And there’s Francelia Belton, the president of (the mystery writing group) Sisters in Crime Colorado, but I’d never met her. She wrote “Dreaming of Ella,” which is set in Five Points. She’s been fun to work with. And then D.L. Cordero is another one who I didn’t know. D.L. is around in the writing and the arts community but was not somebody that I knew. I thought D.L. did a fantastic story about Auraria and researched that history of what happened to the Chicano families there in the ’70s and also turned it into a spooky story at the same time. 

One of the “Denver Noir” contributors is also a Colorado Sun contributor. R. Alan Brooks, who writes the “What’d I Miss?” comic strip for us and has done graphic novels as well, has a graphic story – the only one in the collection. How did you approach dealing with that art form, as an editor?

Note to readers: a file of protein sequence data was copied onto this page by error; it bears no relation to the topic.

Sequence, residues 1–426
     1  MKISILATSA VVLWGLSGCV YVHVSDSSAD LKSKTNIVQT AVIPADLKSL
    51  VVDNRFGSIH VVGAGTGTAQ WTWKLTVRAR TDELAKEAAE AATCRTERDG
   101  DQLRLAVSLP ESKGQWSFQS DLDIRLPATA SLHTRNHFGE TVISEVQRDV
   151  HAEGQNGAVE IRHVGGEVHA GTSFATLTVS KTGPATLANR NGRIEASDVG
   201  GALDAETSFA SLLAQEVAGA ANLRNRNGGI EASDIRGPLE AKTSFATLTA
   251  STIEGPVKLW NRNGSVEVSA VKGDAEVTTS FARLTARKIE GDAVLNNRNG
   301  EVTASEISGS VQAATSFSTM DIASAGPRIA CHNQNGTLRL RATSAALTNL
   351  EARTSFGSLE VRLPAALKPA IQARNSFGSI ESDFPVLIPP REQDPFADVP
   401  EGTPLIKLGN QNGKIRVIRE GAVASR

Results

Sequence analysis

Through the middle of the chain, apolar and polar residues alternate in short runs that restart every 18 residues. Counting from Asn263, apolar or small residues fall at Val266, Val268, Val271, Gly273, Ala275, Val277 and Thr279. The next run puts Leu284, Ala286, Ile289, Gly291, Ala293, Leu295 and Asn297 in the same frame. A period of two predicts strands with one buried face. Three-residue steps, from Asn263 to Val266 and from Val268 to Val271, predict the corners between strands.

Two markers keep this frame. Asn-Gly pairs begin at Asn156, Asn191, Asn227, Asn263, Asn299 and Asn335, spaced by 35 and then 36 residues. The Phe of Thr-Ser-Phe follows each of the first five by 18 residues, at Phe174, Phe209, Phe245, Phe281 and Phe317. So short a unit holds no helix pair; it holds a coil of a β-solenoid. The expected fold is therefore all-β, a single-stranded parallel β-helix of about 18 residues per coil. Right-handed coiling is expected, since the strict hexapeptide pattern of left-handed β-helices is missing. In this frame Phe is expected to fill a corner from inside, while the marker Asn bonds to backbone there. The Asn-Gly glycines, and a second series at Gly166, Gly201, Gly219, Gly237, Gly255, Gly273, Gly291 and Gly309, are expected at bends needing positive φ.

I didn’t know anything about it. And so when he said yes, I did a little research into how to edit or understand comics and found a few books on the subject. I ran those by Alan because he also teaches this subject. 

It was an interesting process working with him. He was the first one to jump on and give me a draft really early on, in December 2020, partly because the way that process works is he had to have his script down before he did any of the artwork for this story. So he sent me a script, and then once we had that fairly solid he sent me some thumbnails of what he thought the panels would look like. And we talked about those a little bit. 

And then he actually ended up tweaking the script a little bit based on those thumbnails and went back and forth on a few things and then he put together the completed panels. He was done by January 2021. 

Did you give all of the writers any specific instruction about how they needed to adhere to a sense of place, or just let them approach it as they saw fit?